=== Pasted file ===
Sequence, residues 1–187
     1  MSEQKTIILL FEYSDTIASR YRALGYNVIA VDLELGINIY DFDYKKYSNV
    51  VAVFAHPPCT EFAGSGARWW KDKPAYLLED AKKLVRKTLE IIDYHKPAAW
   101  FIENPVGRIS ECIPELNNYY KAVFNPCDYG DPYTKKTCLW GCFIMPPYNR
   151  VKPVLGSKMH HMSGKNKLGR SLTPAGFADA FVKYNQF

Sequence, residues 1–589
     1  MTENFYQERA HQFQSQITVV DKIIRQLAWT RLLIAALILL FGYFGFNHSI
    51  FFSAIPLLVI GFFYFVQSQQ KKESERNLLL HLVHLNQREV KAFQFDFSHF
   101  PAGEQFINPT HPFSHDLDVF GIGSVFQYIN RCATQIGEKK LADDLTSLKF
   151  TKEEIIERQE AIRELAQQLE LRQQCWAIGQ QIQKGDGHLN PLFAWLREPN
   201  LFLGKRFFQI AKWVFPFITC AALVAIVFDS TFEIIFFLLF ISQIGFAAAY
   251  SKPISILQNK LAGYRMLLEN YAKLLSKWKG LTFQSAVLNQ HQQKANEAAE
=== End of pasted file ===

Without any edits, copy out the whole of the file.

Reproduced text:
Sequence, residues 1–187
     1  MSEQKTIILL FEYSDTIASR YRALGYNVIA VDLELGINIY DFDYKKYSNV
    51  VAVFAHPPCT EFAGSGARWW KDKPAYLLED AKKLVRKTLE IIDYHKPAAW
   101  FIENPVGRIS ECIPELNNYY KAVFNPCDYG DPYTKKTCLW GCFIMPPYNR
   151  VKPVLGSKMH HMSGKNKLGR SLTPAGFADA FVKYNQF

Sequence, residues 1–589
     1  MTENFYQERA HQFQSQITVV DKIIRQLAWT RLLIAALILL FGYFGFNHSI
    51  FFSAIPLLVI GFFYFVQSQQ KKESERNLLL HLVHLNQREV KAFQFDFSHF
   101  PAGEQFINPT HPFSHDLDVF GIGSVFQYIN RCATQIGEKK LADDLTSLKF
   151  TKEEIIERQE AIRELAQQLE LRQQCWAIGQ QIQKGDGHLN PLFAWLREPN
   201  LFLGKRFFQI AKWVFPFITC AALVAIVFDS TFEIIFFLLF ISQIGFAAAY
   251  SKPISILQNK LAGYRMLLEN YAKLLSKWKG LTFQSAVLNQ HQQKANEAAE